A California judge has ruled in favor of a Christian cake designer in the latest court decision regarding the conflict between religious freedom and same-sex marriage.
Eric Bradshaw, a Superior Court judge in Kern County, said in an Oct. 21 opinion the state violated Cathy Miller’s freedom of religion and speech when it decided she unlawfully discriminated under California law by declining to design a cake for a same-sex wedding celebration.
Bradshaw’s decision is the latest in a series of court actions over several years regarding wedding vendors – such as cake designers, florists, photographers and artists – who refuse to provide their services for same-sex wedding ceremonies because of their biblically based belief that marriage is only between a man and a woman.
While the U.S. Supreme Court has issued multiple opinions in support of the free exercise of religion in recent years, cases involving the conscience rights of wedding vendors have resulted in conflicting opinions across the country.
“This court has rightly affirmed that people of faith should be able to live out their deeply held religious beliefs in the public square,” said Hannah Daniel, policy manager for the Southern Baptist Ethics & Religious Liberty Commission (ERLC).
“As tension continues to grow between our culture’s shifting beliefs on issues of gender and sexuality and the beliefs of many religious Americans, rulings like this provide important indicators that religious speech and expression will continue to be protected.”
A similar case will be before the Supreme Court in early December.
The justices will hear oral arguments Dec. 5 in 303 Creative v. Elenis, an appeal by Lorie Smith, a Colorado graphic artist and website designer, of a ruling against her by the U.S. 10th Circuit Court of Appeals in Denver. Smith challenged a state law that mandates she use her business for same-sex weddings if she does so for ceremonies between a man and a woman.
It is the ERLC’s “hope that they, too, will rule favorably for the protection of religious liberty and conscience rights,” Daniel told Baptist Press in written comments.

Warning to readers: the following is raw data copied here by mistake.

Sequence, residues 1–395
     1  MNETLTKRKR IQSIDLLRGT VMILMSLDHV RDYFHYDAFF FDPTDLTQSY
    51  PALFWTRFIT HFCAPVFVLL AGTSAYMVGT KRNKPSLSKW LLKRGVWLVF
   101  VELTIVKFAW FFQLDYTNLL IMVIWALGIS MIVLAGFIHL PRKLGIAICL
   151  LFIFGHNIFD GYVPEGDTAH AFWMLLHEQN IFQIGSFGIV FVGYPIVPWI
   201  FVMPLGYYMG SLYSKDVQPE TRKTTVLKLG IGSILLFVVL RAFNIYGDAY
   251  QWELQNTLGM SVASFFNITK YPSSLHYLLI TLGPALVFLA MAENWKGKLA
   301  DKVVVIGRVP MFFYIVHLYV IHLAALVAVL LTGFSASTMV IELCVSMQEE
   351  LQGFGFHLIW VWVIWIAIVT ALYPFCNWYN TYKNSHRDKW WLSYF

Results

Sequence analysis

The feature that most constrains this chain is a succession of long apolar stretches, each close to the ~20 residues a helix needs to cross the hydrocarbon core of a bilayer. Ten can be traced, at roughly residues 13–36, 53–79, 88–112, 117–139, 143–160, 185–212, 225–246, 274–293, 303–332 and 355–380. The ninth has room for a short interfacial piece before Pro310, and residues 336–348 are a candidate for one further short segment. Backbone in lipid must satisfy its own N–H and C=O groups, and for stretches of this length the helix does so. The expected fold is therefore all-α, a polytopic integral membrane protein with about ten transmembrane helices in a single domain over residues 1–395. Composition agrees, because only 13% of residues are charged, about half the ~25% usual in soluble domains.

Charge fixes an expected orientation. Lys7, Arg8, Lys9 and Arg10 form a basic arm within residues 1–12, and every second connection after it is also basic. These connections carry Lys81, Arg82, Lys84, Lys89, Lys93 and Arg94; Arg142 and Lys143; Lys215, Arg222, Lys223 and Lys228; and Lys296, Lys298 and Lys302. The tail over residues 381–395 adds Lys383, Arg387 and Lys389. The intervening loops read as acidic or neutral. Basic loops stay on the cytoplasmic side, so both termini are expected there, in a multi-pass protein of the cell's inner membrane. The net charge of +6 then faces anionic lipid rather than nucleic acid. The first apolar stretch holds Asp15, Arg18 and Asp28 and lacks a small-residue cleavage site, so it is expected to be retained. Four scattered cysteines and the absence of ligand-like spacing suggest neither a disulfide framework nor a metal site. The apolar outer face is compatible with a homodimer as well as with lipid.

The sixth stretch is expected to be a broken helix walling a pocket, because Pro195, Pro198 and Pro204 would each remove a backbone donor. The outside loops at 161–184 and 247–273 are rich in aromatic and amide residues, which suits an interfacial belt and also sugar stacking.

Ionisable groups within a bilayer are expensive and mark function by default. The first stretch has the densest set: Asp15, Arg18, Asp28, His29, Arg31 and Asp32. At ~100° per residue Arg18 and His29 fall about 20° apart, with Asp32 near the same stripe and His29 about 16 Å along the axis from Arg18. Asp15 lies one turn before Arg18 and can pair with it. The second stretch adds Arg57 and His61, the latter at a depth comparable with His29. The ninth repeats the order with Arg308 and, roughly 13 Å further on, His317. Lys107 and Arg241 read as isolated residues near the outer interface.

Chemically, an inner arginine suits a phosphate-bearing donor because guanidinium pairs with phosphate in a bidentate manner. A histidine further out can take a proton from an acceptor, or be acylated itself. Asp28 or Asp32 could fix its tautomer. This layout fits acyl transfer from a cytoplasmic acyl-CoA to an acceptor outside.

California’s Department of Fair Employment and Housing (DFEH) brought an action against Cathy Miller, owner of Tastries Bakery in Bakersfield, after she declined in 2017 to design a cake for the celebration of the union of Eileen and Mireya Rodriguez-del Rio, who were married in 2016. DFEH decided Miller was guilty of discrimination based on the sexual orientation of the women.
In his decision, Bradshaw said, “[U]ncontroverted evidence showed that Miller’s sincere faith permeates her life and work” and she established her shop’s “design standards to conform to her Christian faith in the Bible and what she believes the Bible teaches regarding marriage.”
According to its written standards, Tastries not only declines to design wedding cakes that “contradict God’s sacrament of marriage between a man and a woman” but also designs such as those that promote marijuana use, feature “explicit sexual content” or display “anything offensive, demeaning or violent.”
The evidence also showed Miller and her bakery serve and employ lesbian and gay people, Bradshaw wrote. They also serve each person, regardless of sexual orientation, who purchases items in the bakery case or requests a custom item, if the latter design does not violate the shop’s standards, he said.
In his decision, Bradshaw said the state “failed to prove that defendants intentionally discriminated against Eileen and Mireya because of their sexual orientation. The evidence affirmatively showed that Miller’s only intent, her only motivation, was fidelity to her sincere Christian beliefs.”
“[T]he substantial burden the state seeks to impose on defendants’ free exercise of religion … is not justified by the state’s legitimate interest in preventing discrimination where, as here, the evidence affirmatively demonstrates there is a less restrictive means to achieve the state’s objective,” Bradshaw wrote.
Miller’s referral of the couple to another bakery “was, and is, reasonable under the circumstances, and fulfills the requirement of ‘full and equal service,’” according to Bradshaw’s opinion.
Miller and Tastries’ “pure and expressive speech is entitled to protection under the First Amendment,” Bradshaw wrote. “DFEH’s enforcement action seeks to compel Miller and Tastries to express support for same-sex marriage, or be silent.”
Among other current cases involving vendors who decline to provide their services for same-sex ceremonies because of their biblical convictions:
- The U.S. Second Circuit Court of Appeals in New York City heard oral arguments Sept. 28 in an appeal by Emilee Carpenter, a photographer and blogger, of a federal court decision rejecting her challenge to a New York law that requires her to photograph same-sex weddings.
- Chelsey Nelson, a Louisville, Ky., photographer and blogger who declines same-sex weddings, won an injunction against the city’s anti-discrimination Fairness Ordinance in August from a federal judge.
(EDITOR’S NOTE – Tom Strode is Washington bureau chief for Baptist Press.)